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Chapter 41. Assisting with Minor Surgery. PowerPoint® P\presentation to accompany: Medical Assisting Third Edition Booth, Whicker, Wyman, Pugh, Thompson. Learning Outcomes. 41.1 Define the medical assistant’s role in minor surgical procedures.
Assisting with Minor Surgery
PowerPoint® P\presentation to accompany:
Booth, Whicker, Wyman, Pugh, Thompson
41.1 Define the medical assistant’s role in minor surgical procedures.
41.2 Describe types of wounds and explain how they heal.
41.3 Describe special surgical procedures performed in an office setting.
41.4 List the instruments used in minor surgery and describe their functions.
41.5 Describe and contrast the procedures for medical and sterile asepsis in minor surgery.
41.6 Describe the medical assistant’s duties in preparing to assist in minor surgery.
41.7 Describe the medical assistant’s duties in preparing a patient for surgery.
41.8 Describe the types of local anesthetics for minor surgery and the medical assistant’s role in their administration.
41.9 Describe the duties of the medical assistant as a floater and as a sterile scrub assistant.
41.10 Describe the medical assistant’s duties in the postoperative period.
Prepare surgical room
Assist during procedure
Ensure safety and comfort of the patient
Clean room for next procedureThe Medical Assistant’s Role in Minor Surgery(cont.)
What are the medical assistant’s responsibilities in relation to patient education and minor surgical procedures?
Laceration – jagged, open wound
Puncture wound – deep wound caused by a sharp object
Intentional – surgical incision
Cleaning a non-surgical wound
Wash with soap and water
Irrigate with sterile solution
Debridement – removal of debris or dead tissueSurgery in the Physician’s Office: Common Procedures (cont.)
Intense beam of light used to cut away tissue
Does less damage to surrounding tissue
Needle, probe, or loop heated by electric current to destroy the target tissue
Requires a grounding plate or pad to prevent an electric shock
Uses extreme cold to destroy unwanted tissue
Patient education – wound careSurgery in the Physician’s Office: Special Procedures
A 65-year-old female has a wound on her left calf that is healing poorly. When reviewing her chart, what conditions would you look for that would indicate the reason for the poor healing?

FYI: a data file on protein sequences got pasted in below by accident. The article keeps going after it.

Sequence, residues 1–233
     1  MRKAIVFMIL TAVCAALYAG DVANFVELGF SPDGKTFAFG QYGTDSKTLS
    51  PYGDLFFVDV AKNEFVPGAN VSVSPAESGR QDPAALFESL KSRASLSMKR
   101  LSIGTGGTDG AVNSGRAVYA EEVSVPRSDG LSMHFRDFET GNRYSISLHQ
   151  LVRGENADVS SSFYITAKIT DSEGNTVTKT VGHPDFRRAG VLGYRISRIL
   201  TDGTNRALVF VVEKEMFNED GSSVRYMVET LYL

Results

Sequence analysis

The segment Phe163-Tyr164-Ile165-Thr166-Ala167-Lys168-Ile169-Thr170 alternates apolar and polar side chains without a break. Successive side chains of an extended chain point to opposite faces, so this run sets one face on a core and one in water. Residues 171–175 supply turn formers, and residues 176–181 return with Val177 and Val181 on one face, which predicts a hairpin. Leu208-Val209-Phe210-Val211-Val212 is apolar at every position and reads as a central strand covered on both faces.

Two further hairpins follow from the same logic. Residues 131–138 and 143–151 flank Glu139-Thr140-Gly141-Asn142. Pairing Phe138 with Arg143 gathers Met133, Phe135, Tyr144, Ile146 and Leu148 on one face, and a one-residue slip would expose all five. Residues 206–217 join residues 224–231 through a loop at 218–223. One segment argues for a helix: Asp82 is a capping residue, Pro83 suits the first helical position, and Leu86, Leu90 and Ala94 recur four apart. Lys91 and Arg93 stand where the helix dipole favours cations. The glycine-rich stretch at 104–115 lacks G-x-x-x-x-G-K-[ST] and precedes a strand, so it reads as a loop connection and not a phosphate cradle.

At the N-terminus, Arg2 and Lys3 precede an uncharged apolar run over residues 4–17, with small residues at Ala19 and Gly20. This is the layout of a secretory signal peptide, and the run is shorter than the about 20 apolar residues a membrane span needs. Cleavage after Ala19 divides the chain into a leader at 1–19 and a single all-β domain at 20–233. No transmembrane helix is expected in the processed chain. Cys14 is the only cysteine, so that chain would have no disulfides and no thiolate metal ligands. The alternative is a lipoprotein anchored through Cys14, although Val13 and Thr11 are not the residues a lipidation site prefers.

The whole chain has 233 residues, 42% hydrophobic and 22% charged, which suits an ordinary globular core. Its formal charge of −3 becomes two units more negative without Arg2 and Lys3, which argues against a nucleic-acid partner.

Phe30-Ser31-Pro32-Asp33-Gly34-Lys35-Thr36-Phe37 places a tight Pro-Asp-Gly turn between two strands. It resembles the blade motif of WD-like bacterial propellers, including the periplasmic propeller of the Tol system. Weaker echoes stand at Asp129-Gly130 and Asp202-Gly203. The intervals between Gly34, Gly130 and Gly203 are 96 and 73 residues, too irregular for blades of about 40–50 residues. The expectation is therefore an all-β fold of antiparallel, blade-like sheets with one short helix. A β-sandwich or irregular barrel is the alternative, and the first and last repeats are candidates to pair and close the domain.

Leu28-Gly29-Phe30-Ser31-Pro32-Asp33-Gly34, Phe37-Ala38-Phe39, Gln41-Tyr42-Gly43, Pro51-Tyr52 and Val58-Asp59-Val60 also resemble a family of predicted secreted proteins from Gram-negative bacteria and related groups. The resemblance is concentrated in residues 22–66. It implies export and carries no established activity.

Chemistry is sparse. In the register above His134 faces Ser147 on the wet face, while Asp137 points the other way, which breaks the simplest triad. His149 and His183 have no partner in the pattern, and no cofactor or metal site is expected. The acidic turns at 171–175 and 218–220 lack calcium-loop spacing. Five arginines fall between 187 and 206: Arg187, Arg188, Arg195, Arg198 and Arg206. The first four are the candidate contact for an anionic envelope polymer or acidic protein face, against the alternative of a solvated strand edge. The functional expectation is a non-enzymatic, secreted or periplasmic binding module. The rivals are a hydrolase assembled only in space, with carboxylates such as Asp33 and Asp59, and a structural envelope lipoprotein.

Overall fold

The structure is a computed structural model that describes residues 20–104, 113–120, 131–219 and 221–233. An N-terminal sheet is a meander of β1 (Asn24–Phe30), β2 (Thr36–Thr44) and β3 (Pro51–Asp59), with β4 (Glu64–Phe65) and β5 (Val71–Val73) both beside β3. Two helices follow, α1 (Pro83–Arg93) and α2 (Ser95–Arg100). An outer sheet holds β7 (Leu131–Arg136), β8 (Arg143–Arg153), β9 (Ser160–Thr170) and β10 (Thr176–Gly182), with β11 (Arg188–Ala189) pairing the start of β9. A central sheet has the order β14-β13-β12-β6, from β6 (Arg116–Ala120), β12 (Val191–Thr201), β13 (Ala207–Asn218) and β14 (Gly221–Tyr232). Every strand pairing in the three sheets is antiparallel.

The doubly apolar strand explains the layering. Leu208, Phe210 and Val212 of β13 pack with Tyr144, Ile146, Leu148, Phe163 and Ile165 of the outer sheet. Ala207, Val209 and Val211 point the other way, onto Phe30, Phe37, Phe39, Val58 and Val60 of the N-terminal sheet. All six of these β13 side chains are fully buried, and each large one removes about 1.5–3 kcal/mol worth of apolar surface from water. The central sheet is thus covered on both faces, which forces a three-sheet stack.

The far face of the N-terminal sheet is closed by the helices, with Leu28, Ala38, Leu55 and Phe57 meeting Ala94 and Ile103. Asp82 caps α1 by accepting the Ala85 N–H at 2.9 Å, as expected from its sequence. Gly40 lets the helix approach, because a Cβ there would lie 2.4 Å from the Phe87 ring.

Inject anesthetic solutions
Obtain biopsy specimens
Instrument trays and packs
Laceration repair tray
Incision and drainage tray
Foreign body and growth removal tray
Onychectomy (nail removal) tray
Suture and staple removal traysInstruments Used in Minor Surgery (cont.)
Name at least one instrument for each of the following types:
1. Cutting and dissecting
2. Grasping and clamping
3. Retracting, dilating, and probing
scissors, scalpels, curettes
forceps, hemostats, clamps
retractors, dilators, probes
needle holders, needles, packaged sutures
Personal protective equipment
Provides a barrier between wearer and infectious or hazardous materials
Gloves, masks, gowns
Sharps and biohazardous waste handling and disposal
Puncture and leak-resistant containers
Biohazard symbolAsepsis: Medical
What is the difference between medical and surgical asepsis?
ANSWER: Medical asepsis reduces the number of microorganisms present. It requires good handwashing, the use of personnel protective equipment, and proper disposal of sharps and biohazardous waste.
Surgical asepsis is the elimination of microorganisms through sanitizing, disinfection, and sterilization. Requires performing a surgical scrub and donning sterile gloves.
Mr. Smith is having a minor surgical procedure on his forearm. You notice that he has a lot of hair at the site. What should you do?
ANSWER: You should use a scissors or electric trimmer to trim the hair just prior to surgery.
Gels, creams, and sprays
Takes 10 to 15 minutes to be effective
Usually administered by the physician
Check label to verify correct medication
Potential side effects
Dizziness, loss of consciousness, seizures, or cardiac arrest
Use of epinephrine
Prolongs action of local anestheticIntraoperative Procedures
Performs a sterile scrub and wears sterile gloves
Arranges instruments according to use
Needle holders and scissors
Swab fluids from wound
Cut suture materialIntraoperative Procedures(cont.)
What are the duties of a floater?
ANSWER: During a procedure, the floater monitors the patient, documents, processes specimens, adds items to sterile field, pours sterile solutions, assists with additional anesthetic, keeps the area clean during the procedure, repositions the patient, and adjusts lighting.
Sterile material used to cover the incision
Keeps wound clean
Absorbs fluid drainage
Reduces discomfort to the patient
Reduces the possibility of scarring
Clean examination gloves
Clean site with povidone iodine
Antibiotic ointment, if ordered
Secure sterile dressingPostoperative Procedures(cont.)
Guidelines for pain management
Instruction for wound care
When to call the physician
Have patient repeat to verify understanding
Provide written materials in a postoperative information packet
Transportation arrangementsPostoperative Procedures(cont.)
What is the difference between a dressing and a bandage?
ANSWER: A dressing is a sterile material used to cover the incision, whereas a bandage is a clean strip of gauze or elastic material used to hold the dressing in place.
Administrative and legal tasks
Prepare the patient emotionally
Set up surgical room
Surgical scrub assistant
Clean roomIn Summary
At all times you must ensure the safety and comfort of the patient.
End of Chapter 41
A wise doctor does not mutter incantations over a sore that needs the knife.